“It’s humbling knowing that she knows so many people and continues to give me the privilege to come and work at camp,” Montague said. “Nursing is a calling and being able to use my nursing skills in such an amazing place is a gift from God. Margo listens to the feedback of the clinic staff, and each year the clinic processes have improved. She talks with parents of campers who have more serious or complicated health conditions when they are considering sending their child to camp, and strives to provide a camp opportunity for all campers who want to come.”


“Camp is equipped to handle anything from strep throat to asthma attacks to broken bones or lacerations,” said Kayti Duffie, an RN who began doing nursing rotations in the Canyon in 2004 and helps Pruitt set up both clinics each year. “Often when nurses rotate in from other camps, they are shocked at the level of care and preparedness of our staff and the LLYC clinics.”

Duffie grew up at LLYC and has been part of and benefited from the level of love and care experienced in the Canyon.

“Camp has been a rock in my lifetime,” she said.

“Many of the men and women on full-time leadership have helped shape who I am as a person. So I keep coming back because I’m in a time in life where I want to give back to a place that pours so deeply and so intentionally into others’ lives.”



“Often when nurses rotate in from other camps, they are shocked at the level of care and preparedness of our staff and the LLYC clinics.”


Dr. Laura Hattox Costas gives partial credit to Pruitt and LLYC for helping steer her career path. After sustaining an injury at Echo Valley at the age of 14, she was able to see first-hand the level of care that Pruitt and her staff put into each interaction with a camper.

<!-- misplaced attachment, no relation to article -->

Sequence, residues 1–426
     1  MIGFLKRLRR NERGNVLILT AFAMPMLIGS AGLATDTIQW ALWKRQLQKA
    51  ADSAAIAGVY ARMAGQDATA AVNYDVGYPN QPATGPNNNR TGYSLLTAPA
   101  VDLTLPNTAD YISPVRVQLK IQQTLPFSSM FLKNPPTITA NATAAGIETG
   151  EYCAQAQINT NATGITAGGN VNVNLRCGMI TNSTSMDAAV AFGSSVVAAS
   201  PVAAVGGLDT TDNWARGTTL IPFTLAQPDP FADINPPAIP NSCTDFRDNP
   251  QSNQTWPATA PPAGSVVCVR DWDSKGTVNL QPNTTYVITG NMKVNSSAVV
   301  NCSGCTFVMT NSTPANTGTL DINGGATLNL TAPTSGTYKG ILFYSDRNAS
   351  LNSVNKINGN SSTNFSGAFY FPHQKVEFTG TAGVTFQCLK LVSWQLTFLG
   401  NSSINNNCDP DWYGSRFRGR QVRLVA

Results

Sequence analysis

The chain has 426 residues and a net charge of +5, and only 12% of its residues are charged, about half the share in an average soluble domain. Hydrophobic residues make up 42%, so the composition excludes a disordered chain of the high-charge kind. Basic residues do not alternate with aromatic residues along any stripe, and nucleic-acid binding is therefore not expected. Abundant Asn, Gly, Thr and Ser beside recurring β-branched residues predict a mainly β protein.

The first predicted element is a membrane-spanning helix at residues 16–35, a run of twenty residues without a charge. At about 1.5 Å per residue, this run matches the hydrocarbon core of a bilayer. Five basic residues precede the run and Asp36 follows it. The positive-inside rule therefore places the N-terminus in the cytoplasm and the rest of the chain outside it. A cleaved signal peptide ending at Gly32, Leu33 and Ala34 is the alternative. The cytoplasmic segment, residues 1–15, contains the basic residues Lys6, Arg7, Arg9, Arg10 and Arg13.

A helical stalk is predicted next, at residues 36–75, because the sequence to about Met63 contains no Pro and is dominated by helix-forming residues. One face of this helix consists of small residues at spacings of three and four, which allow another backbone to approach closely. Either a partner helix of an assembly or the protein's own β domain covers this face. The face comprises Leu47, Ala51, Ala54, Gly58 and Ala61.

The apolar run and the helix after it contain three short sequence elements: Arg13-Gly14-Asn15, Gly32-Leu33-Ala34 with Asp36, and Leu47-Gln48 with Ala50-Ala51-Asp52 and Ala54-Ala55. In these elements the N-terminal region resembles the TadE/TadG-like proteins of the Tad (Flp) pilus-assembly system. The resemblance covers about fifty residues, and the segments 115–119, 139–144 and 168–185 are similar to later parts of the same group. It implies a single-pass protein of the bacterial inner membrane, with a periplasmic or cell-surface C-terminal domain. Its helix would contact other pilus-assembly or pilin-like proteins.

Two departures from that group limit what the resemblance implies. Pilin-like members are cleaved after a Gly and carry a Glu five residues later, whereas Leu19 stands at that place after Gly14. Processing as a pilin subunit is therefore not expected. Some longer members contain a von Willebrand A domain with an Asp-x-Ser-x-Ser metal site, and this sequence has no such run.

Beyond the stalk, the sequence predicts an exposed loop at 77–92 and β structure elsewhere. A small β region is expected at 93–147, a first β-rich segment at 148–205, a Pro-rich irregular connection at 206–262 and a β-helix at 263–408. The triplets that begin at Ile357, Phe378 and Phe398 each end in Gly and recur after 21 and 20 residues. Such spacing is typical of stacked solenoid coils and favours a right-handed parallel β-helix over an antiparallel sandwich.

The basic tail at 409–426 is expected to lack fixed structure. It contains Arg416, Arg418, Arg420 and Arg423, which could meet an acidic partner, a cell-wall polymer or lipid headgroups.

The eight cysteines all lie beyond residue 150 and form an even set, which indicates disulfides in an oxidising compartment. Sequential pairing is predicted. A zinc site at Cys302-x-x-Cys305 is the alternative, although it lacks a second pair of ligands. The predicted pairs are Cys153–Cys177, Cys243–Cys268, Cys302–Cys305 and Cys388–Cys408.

Costas has served at LLYC on Work Crew, in the Sugar Shack, as a cook, and—for every summer since 2016—as a camp doctor with her husband and three children in tow. In each of those roles, she has seen a common thread.

“[Campers] are well-loved,” Costas said. “There are people looking after them in their cabins, there are people looking after them in the clinics. Everybody has their eye on these kids, and they are never left to fend for themselves.

“There was a time at Family Camp that [my oldest son] drew a picture that said, ‘I love coming to camp because we are well-loved.’ I was like, ‘Wow, he’s six but he really gets that.’ There’s just this overwhelming sense of love and care that is put into the food, and making sure that kids get medicines if they need them, and making sure that any kids with issues are being watched more carefully.”

The love and security felt by campers and staff members at LLYC medical clinics reflect the deliberate choices that Pruitt has made over the past 25 years.

“We have a long history of caring deeply for kids and keeping them safe,” Pruitt said. “At the same time we’re showing them who Christ is and giving them the time of their lives, the best two weeks. We will continue to do that. That is our legacy.”

More from this issue

The Stars at Night

Deep in the heart of Texas’ hill country, the stars aren’t competing with light pollution from cities and suburbs.

Therapy Is a Camp Activity, Too

Hilary Monford has been partnering with Laity Lodge Family Camp to offer accessible counseling and therapy to families during a particularly difficult year.

How to Retreat When We Can’t Go to Retreats

Kathleen Norris reflects on the urge to retreat and the unique challenges of this year.

The Canyon Comeback

After months of quiet, the Canyon is seeing people again. You’ve been missed.